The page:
On the Come Up

by Angie Thomas

Bri, 16, dreams of being a rapper like her father, who was killed in a drive- by... read more

Bri, 16, dreams of being a rapper like her father, who was killed in a drive- by shooting when she was young. African American Bri has talent but knows making it also requires exposure and connections. In the meantime, with money tight at home, she helps out by reselling candy at her mostly white arts high school. After Bri’s candy-filled backpack is confiscated at a routine school security check and she is thrown to the ground and handcuffed, rumors fly that she was selling drugs. Bri channels her anger at what happened, and at the fact Black and brown kids at her school are often treated as suspect, into a rap song that blows up online. Bri’s family and friends know the tough, defiant attitude Bri displays in the song is not who she really is. At the same time, a producer has taken an interest in the song and Bri’s career, but wants to further cultivate an image of Bri that offers no room for nuance and no understanding that her posturing was a way to express pain and illuminate injustice. Bri, her family, and friends are dealing with many challenges, from economic struggles and racism to the threat of gangs and drug violence, but they are also loving, lively, funny, poignant characters in this vivid, visceral, heartfelt, ultimately hopeful work. (Age 13 and older)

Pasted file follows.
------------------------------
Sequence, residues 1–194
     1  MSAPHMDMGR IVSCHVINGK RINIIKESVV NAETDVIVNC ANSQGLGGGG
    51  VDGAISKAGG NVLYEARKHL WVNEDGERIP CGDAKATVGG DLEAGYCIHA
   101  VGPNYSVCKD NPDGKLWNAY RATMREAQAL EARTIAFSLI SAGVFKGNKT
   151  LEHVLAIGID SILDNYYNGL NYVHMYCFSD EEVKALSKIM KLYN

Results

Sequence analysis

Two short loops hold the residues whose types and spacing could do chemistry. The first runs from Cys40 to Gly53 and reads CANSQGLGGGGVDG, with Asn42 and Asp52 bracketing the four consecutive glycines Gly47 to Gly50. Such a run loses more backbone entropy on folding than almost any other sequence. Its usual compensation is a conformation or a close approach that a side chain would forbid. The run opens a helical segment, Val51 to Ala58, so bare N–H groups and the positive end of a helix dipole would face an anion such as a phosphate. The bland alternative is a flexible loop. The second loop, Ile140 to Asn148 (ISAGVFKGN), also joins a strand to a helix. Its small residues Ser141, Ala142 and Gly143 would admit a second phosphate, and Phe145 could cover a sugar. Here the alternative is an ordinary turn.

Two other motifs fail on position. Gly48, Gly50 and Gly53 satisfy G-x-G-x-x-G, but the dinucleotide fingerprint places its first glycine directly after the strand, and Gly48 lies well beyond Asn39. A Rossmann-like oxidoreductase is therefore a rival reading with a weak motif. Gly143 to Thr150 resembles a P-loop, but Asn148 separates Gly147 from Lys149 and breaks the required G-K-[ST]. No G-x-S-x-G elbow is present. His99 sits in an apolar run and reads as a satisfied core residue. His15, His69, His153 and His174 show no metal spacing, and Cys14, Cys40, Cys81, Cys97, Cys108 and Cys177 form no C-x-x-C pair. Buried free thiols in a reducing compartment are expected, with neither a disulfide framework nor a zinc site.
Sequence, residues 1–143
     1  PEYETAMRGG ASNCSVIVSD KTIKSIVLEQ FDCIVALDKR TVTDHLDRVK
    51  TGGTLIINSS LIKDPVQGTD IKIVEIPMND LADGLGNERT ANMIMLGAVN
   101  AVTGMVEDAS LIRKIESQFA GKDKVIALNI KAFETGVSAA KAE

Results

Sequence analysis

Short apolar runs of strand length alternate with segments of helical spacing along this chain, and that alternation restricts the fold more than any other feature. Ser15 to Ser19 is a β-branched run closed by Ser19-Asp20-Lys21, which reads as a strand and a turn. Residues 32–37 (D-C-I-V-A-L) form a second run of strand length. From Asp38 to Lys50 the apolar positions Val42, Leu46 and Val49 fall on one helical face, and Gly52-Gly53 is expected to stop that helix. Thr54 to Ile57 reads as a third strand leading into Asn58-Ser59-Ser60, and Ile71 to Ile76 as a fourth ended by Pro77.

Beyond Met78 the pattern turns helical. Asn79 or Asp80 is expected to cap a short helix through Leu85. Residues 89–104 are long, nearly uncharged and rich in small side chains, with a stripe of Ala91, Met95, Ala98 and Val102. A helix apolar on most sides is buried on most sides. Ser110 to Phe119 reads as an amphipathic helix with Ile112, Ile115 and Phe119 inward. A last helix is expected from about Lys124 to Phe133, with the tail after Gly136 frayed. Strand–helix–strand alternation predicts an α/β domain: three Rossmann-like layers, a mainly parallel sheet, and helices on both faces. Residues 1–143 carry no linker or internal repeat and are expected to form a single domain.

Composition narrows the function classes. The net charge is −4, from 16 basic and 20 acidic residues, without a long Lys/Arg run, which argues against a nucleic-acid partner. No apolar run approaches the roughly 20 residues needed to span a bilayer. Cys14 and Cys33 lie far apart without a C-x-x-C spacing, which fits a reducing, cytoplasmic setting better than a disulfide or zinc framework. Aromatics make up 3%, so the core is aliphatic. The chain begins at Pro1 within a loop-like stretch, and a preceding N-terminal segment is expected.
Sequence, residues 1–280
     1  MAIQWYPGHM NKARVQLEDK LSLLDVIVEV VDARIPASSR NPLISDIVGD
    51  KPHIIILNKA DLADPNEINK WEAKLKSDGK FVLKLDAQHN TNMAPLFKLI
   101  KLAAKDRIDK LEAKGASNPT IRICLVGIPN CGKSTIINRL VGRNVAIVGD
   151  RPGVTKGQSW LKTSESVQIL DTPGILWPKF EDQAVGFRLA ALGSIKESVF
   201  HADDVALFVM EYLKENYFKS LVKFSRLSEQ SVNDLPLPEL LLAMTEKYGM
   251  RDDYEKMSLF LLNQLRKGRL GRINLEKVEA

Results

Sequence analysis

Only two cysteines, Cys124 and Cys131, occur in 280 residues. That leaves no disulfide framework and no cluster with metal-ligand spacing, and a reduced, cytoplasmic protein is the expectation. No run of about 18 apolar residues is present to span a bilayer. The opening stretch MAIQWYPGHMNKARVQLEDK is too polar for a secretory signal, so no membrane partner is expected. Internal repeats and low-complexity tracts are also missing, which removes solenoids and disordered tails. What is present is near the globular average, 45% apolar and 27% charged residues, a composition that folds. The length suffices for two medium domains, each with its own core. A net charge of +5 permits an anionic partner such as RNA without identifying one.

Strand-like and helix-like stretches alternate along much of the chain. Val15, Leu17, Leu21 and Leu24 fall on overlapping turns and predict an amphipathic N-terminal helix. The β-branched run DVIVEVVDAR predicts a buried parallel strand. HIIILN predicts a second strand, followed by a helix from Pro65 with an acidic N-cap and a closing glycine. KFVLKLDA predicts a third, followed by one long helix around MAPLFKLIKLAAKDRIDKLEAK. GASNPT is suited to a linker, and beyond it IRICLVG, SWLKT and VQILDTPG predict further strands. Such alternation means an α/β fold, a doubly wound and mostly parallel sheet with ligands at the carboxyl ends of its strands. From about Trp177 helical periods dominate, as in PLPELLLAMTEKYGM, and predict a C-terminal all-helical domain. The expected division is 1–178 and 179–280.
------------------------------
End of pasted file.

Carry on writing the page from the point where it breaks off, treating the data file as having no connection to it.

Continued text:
© Cooperative Children's Book Center, Univ. of Wisconsin - Madison, 2020

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